The endocannabinoid system in ageing: a new target for drug development.Curr Drug Targets 2006; 7(11):1539-52CD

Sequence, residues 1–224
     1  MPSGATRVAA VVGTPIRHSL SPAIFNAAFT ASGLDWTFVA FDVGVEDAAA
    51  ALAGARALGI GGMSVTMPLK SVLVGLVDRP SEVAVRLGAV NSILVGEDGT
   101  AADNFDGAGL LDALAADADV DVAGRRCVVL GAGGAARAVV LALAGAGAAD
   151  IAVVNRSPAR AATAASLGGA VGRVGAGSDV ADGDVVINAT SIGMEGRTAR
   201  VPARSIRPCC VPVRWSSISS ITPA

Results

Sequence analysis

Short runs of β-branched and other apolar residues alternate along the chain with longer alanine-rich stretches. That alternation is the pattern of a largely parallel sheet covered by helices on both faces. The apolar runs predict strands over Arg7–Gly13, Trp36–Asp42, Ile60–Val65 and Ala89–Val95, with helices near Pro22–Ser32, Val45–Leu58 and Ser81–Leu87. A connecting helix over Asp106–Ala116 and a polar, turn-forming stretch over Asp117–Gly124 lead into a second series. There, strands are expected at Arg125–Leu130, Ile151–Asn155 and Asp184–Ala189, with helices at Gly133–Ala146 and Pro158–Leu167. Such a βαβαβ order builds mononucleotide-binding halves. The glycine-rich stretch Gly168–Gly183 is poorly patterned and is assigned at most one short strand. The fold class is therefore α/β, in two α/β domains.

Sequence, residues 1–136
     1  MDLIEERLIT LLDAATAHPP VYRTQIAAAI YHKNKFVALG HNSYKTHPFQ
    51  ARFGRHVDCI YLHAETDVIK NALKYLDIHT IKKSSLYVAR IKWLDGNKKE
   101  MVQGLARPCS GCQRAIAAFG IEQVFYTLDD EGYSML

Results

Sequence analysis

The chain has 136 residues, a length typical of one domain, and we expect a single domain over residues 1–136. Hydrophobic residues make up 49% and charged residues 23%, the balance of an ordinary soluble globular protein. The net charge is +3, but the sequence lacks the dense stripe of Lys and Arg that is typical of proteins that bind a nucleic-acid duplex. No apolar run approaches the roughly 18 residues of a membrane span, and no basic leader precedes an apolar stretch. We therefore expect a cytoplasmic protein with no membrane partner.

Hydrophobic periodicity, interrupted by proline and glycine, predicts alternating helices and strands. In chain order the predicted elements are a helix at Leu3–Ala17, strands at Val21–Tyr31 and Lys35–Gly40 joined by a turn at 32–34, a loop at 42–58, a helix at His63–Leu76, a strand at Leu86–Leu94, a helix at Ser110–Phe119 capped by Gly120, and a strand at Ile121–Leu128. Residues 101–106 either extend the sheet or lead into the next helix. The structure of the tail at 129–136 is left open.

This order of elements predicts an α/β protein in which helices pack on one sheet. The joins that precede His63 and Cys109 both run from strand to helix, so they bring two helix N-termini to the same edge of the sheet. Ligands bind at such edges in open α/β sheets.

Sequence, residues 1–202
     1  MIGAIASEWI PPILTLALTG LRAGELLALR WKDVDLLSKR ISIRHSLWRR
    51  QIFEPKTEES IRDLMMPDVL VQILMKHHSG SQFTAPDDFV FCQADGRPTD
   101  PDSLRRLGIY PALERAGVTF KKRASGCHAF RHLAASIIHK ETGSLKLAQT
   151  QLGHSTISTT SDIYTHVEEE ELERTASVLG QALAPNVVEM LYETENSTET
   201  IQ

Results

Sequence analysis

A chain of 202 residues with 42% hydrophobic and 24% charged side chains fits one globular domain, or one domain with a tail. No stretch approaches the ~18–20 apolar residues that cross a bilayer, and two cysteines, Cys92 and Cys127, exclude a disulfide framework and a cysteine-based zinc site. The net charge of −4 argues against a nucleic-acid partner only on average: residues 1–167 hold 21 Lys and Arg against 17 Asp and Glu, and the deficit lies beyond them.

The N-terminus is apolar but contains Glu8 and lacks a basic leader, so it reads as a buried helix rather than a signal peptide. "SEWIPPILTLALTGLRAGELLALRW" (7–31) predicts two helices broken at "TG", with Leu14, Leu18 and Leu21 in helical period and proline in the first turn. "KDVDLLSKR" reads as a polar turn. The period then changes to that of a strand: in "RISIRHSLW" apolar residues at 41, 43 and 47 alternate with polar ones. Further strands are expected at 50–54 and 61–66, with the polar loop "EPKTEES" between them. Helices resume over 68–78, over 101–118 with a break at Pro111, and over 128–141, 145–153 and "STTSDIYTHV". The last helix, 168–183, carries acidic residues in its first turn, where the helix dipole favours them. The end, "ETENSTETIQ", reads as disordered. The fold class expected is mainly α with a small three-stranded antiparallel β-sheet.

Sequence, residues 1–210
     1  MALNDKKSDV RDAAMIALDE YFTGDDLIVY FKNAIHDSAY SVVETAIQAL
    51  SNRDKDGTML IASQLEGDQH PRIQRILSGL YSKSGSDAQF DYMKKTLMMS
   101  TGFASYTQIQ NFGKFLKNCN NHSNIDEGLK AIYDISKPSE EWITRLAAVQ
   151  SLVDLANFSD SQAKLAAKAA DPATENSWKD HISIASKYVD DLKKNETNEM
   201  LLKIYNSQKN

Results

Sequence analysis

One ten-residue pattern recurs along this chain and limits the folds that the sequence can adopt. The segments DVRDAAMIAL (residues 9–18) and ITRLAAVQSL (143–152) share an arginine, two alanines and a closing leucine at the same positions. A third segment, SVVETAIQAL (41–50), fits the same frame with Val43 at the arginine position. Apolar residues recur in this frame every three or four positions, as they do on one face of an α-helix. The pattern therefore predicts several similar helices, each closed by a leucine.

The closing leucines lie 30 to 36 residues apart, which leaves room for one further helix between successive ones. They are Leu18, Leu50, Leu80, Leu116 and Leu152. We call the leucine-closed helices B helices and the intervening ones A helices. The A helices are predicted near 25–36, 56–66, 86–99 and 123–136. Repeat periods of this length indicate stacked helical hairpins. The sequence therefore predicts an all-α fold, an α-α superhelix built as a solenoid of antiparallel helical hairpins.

Endocannabinoids are a new class of lipids, which include amides, esters and ethers of long chain polyunsaturated fatty acids. Anandamide (N-arachidonoylethanolamine; AEA) and 2-arachidonoylglycerol are the main endogenous agonists of cannabinoid receptors able to mimic several pharmacological effects of Delta(9)-tetrahydrocannabinol, the active principle of Cannabis sativa preparations like hashish and marijuana. AEA is released "on demand" from membrane lipids, and its activity at the receptors is limited by cellular uptake followed by intracellular hydrolysis. Together with AEA and congeners, the proteins which bind, synthesize, transport and hydrolyze AEA form the "endocannabinoid system". Endogenous cannabinoids are present in the central nervous system and in peripheral tissues, suggesting a physiological role as broad spectrum modulators. This review summarizes the main features of the endocannabinoid system, and the latest advances on its involvement in ageing of central and peripheral cells. In addition, the therapeutic potential of recently developed drugs able to modulate the endocannabinoid tone for the treatment of ageing and age-related human pathologies will be reviewed.